There is a wild crab apple tree on the road to High Rocks, near Tunbridge Wells. A few years ago we picked the sour, unpreposseing fruit mostly off the ground, and made with it some sublime jelly.With the intention of repeating the process I go to find the tree, but there is no sign of apples on it or around it. A the back of my mind I recall another such tree on a nearby wooded slope. There, spread on the leafy woodland floor, are enough apples for my purpose. Crab apple are far too sour and astingent to eat raw, but combined with sugar and thanks to their natural pectin, make one of the best jellies. Traditionally they were used for cooking. In Loves Labours Lost Shakespeare' s song about winter goes...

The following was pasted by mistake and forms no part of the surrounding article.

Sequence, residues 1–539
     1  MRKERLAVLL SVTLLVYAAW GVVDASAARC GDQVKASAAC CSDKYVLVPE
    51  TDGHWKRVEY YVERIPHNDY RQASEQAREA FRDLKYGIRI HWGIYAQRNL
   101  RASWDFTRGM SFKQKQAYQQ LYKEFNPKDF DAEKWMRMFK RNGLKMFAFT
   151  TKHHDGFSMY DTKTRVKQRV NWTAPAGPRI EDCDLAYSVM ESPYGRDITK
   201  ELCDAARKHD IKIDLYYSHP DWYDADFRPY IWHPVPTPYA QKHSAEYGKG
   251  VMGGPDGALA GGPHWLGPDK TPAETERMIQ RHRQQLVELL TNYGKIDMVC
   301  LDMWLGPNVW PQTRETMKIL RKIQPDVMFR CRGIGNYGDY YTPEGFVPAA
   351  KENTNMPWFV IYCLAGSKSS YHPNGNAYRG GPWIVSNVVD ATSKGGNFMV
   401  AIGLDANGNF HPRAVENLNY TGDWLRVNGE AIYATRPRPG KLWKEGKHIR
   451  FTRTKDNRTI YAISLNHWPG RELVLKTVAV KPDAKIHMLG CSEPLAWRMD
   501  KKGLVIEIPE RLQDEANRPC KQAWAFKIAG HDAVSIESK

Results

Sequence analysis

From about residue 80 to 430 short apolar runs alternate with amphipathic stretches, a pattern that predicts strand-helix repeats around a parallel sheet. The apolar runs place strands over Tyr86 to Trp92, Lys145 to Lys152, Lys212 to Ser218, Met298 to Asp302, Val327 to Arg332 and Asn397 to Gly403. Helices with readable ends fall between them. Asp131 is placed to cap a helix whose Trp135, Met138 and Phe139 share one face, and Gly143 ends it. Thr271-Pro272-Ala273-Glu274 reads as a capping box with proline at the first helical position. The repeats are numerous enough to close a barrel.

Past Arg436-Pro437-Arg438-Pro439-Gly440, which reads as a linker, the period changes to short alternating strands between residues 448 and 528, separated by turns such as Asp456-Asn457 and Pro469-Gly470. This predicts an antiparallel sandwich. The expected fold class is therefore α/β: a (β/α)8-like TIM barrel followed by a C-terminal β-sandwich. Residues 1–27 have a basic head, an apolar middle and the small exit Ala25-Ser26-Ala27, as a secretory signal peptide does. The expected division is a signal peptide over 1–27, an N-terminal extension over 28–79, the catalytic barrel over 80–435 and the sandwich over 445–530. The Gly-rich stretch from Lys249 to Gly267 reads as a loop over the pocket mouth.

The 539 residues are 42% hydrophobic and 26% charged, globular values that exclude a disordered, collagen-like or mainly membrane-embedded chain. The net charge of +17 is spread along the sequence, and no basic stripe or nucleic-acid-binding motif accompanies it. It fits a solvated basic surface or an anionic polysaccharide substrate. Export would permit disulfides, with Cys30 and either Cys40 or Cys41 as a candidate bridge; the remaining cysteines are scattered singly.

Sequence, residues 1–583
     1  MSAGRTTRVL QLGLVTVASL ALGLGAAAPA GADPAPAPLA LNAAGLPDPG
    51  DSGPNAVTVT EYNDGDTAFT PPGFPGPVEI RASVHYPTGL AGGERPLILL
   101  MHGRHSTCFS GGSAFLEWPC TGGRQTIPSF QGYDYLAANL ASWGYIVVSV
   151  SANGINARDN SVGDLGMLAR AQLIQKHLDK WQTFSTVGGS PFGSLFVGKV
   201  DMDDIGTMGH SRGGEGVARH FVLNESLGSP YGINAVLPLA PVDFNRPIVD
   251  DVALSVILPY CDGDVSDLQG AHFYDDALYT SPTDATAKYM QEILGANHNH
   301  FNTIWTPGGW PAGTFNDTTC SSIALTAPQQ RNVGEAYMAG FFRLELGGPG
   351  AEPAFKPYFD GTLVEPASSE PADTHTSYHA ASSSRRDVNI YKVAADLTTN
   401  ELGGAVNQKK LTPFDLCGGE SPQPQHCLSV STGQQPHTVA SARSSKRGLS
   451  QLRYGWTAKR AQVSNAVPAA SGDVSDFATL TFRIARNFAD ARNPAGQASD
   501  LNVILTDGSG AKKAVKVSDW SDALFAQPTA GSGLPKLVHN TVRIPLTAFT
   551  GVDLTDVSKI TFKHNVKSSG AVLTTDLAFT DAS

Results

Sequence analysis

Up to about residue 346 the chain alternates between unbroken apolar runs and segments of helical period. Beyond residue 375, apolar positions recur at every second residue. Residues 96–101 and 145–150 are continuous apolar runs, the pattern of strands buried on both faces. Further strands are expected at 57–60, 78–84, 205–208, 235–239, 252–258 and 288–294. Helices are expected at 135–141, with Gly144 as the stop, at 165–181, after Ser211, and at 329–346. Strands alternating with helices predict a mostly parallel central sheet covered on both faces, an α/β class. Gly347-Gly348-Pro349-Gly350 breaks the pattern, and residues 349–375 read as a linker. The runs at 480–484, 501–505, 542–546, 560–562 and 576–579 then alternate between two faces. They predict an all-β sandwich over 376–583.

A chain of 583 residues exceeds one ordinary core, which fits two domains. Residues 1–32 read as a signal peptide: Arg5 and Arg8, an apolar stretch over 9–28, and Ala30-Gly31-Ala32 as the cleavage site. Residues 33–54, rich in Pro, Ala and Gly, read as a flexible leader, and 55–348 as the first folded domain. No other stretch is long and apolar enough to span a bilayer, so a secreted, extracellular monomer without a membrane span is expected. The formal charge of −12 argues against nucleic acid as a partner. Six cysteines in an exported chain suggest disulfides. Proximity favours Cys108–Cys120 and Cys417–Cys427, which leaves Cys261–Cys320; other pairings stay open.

" ...birds sit brooding in the snow,
And Marion's nose looks red and raw,
When roasted crabs hiss in the bowl."
In the French market in the Pantiles, there are madeleine cakes. The memory of these little sponge biscuits dipped in lime flower tisane, inspired Marcel Proust to begin A La Recherche du temps Perdu.
Leaves floating down from the trees, lit by Autumn sunshine and wafted only by the gentlest breeze, are like leaves dropped on to a stage set.